Advancements in voice recognition are the next big thing on Google's radar as the tech giant says language comprehension is core to the future of the internet.
While artificial intelligence and virtual reality systems have been of great interest in recent years to companies like Google, Microsoft and Facebook, the Silicon Valley-based firm has its sights set on another realm of emerging tech.
Google's Head of Search Ben Gomes, said that the company's microscope is currently focused on advances in voice services as they are essential in developing countries with low literacy rates.
"Speech recognition and the understanding of language is core to the future of search and information… But there are lots of hard problems such as understanding how a reference works, understanding what 'he', 'she', or 'it' refers to in a sentence. It's not at all a trivial problem to solve in language and that's just one of the millions of problems to solve in a language," he told British daily the Guardian.
Voice services are embedded in smartphones worldwide but a focus on developing countries is essential, he said.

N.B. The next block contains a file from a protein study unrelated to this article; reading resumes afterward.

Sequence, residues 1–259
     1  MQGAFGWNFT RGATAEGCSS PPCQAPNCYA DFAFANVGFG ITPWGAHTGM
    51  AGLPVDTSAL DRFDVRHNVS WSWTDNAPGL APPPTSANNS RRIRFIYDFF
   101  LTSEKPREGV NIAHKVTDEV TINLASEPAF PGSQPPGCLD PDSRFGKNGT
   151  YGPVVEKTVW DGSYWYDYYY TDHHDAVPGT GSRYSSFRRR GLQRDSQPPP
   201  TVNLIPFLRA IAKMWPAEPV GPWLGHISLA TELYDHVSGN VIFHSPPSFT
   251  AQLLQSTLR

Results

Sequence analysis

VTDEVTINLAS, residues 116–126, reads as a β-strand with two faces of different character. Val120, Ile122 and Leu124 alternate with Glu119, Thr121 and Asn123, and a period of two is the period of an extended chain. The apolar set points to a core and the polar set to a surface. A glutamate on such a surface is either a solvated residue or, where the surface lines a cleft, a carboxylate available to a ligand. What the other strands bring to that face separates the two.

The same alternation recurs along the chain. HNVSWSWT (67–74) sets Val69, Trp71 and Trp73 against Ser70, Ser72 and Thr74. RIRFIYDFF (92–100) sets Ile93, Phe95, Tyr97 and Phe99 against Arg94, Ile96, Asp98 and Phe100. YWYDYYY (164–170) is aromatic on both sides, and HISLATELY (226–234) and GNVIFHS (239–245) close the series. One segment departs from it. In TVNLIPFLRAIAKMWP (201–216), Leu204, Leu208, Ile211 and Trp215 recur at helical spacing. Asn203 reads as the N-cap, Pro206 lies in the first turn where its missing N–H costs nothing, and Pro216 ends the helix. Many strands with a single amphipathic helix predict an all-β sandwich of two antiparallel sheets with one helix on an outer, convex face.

Gomes – who was born in Tanzania and grew up in Bangalore, India – has a working knowledge of the language reality of the developing world.
"It was not obvious to us that what seems like an advanced technology in the West, seems like a basic thing you need in countries like India. So it sort of flips the conversation around," Gomes said.
"Many languages in developing nations have never really had common keyboards – I studied Hindi for 10 years, but I wouldn't know how to type it – so voice is much easier to use than typing," he explained.
The tech giant has focused on improving literacy rates for quite some time. In May, the Turkish government and Google launched a digital literacy education program for women. In the first stage of the program, women who serve as neighborhood and village leaders, or female members of village and neighborhood councils were taught how to efficiently use digital technologies.
Google celebrated its 20th birthday Monday, marking two decades in which it has grown from simply a better way to explore the internet to a search engine so woven into daily life its name has become a verb.
The company was set to mark its 20th anniversary with an event in San Francisco devoted to the future of online search, promising a few surprise announcements.
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